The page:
METAL OUTER BOWL
Bowers, out of Kalamazoo, Michigan USA. A pipe that can truly been referred to on ebay as "rare"
Not known how many were made of this complicated pipe/lighter, but few examples are currently known. Few have even seen this pipe at all. I have several but they do appear a bit more often lately (2012) but they are still not common.
Strange this one, carries its own lighter. Pull out the front piece and strike it along the flint on the side of the stem and lo, you have fire. Still cannot fathom how long the lighter fuel would last in proximity to a heat source. No one seems to have an example still with the flint striker plate intact.
It appears that the smoke is diverted to travel at least twice the length of the pipe. The flint holder is stamped Kalamazoo Mich USA pats pending on one edge and on the other Bowers Mfg Co
The Bowers came in a range of brilliant metallised colours as well as the brass and silver effect shown here, then this lower example with a different shaped outer bowl which just changed hands for over £100 on ebay
There is a version marked Bowers MFG Co. St Thomas Ontario Smoking Pipe which appears to have a different mouthiece, but until I get one, have no idea if that is original or a repair
US Patent 2,529,278 filed June 28 1945, issued Nov 7 1950 Inventor Frederick H Bowers, Kalamazoo, Mich. for a combined tobacco smoking pipe and pyrophoric lighter.
Bowers seemed to think strange when it came to pipes, hence they had a corn cob pipe with a metal screw in plate at the base for cleaning?
From the company's current website (no longer into lighters it seems)
<< Founded in 1928 by Ernest Bowers the Bowers Tool And Die Company began operations and has always focused on metal processing. Ernests passion for the smoking encouraged him to improve the design of his favorite lighter. The "Kalamazoo Slide Sleeve Lighter" became a local hit. Ernests son, Frederick started working for the company and took the lighter to national markets. Sales grew dramatically. The company introduced several new models in the decade around 1930. "Storm Master" in both the round and flat design were a huge success. Producing 4000 lighters a day, the company struggled to keep up with demand.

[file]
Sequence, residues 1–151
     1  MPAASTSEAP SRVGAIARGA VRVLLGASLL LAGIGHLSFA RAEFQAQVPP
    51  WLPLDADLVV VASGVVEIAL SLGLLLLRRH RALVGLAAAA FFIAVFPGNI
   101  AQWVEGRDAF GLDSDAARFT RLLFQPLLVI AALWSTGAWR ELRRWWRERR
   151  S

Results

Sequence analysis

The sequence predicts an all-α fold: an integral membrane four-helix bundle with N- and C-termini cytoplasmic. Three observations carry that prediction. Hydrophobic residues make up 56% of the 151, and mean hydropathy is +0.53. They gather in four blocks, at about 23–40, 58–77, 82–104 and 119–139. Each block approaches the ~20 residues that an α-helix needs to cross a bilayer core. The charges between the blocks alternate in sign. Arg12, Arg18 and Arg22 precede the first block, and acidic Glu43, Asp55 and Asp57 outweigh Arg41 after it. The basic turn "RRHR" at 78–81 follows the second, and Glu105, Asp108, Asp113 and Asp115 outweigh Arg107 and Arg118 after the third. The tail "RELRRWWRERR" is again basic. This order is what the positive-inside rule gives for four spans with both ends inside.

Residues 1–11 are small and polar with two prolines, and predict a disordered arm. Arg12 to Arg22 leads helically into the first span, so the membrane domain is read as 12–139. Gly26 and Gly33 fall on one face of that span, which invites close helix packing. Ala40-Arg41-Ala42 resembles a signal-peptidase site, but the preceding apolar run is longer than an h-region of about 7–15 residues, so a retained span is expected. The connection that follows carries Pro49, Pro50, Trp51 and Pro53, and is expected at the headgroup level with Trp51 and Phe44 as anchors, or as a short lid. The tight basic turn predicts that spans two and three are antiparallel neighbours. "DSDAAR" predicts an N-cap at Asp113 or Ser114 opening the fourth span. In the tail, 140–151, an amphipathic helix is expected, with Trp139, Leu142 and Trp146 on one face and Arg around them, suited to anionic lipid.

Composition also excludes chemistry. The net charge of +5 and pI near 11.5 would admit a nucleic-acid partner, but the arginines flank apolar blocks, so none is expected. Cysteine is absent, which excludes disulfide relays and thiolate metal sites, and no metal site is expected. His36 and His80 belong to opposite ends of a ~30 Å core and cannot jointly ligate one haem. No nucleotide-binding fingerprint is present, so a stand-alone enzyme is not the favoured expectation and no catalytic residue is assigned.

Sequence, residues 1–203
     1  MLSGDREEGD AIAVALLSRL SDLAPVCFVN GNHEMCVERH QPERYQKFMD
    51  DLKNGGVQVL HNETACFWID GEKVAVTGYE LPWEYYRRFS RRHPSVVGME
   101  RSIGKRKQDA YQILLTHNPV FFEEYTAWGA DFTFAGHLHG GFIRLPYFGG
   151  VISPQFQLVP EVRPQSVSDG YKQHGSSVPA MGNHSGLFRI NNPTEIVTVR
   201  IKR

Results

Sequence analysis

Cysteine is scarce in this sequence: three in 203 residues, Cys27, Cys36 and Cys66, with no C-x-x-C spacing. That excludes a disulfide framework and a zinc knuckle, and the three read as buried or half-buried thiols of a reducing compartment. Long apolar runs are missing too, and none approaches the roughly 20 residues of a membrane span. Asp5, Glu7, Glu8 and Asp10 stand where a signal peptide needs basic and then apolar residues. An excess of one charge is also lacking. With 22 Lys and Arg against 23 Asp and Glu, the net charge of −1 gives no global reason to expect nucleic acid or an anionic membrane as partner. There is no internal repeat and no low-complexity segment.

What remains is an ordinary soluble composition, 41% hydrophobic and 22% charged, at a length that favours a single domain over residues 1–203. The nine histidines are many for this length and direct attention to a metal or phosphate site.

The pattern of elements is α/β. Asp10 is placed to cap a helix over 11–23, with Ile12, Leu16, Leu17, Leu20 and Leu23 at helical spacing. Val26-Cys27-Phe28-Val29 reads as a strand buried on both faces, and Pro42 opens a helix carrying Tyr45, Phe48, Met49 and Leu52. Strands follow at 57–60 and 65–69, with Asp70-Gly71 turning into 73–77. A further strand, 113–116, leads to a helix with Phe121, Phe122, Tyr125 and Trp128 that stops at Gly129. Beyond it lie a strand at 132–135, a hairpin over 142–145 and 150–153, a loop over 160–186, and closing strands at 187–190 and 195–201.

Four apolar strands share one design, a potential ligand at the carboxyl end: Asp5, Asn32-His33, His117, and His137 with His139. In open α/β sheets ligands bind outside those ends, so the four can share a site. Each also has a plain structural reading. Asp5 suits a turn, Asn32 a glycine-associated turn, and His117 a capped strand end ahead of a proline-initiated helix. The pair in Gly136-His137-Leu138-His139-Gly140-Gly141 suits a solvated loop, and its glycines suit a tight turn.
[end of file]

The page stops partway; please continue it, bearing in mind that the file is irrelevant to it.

In the 1940's, the "Army-Navy" lighter was introduced, supplying some 55% of all the lighters purchased by the government during World War II. The tool and die division expanded to meet the demands.
By the 1950s, Bowers Lighter Company had 150+ employees manufacturing some 6 million lighters a year and still was unable to keep up with demand. The "Pelican" table lighter or "Lamp Lighter" was introduced during this period. The "No. 10" pocket model was also introduced. Early in 1952, Bowers was approached by an advertising firm who ordered 500,000 lighters. A large investment in the company enabled the Bowers Plant to produce over 4000 pieces per hour with one operator. This improved their competitive edge. In 1954, they started with aluminum in their lighters.
In 1962, Frederick added an acid etch, photo silk screened finished enabling them to make great advertising lighters that were bright-dipped anodized.
On September 16, 1966 Frederick passed away. Behind him was an era of dreams made into realities and adventure that he obviously loved despite the hurdles and pit falls.
In 1995, a fire destroyed all records of Bowers Lighters and Bowers Lighter Company.
If you wish to sell or purchase old lighters, we suggest using E-Bay as a medium. There still is a very active market for these high quality dependable lighters. >>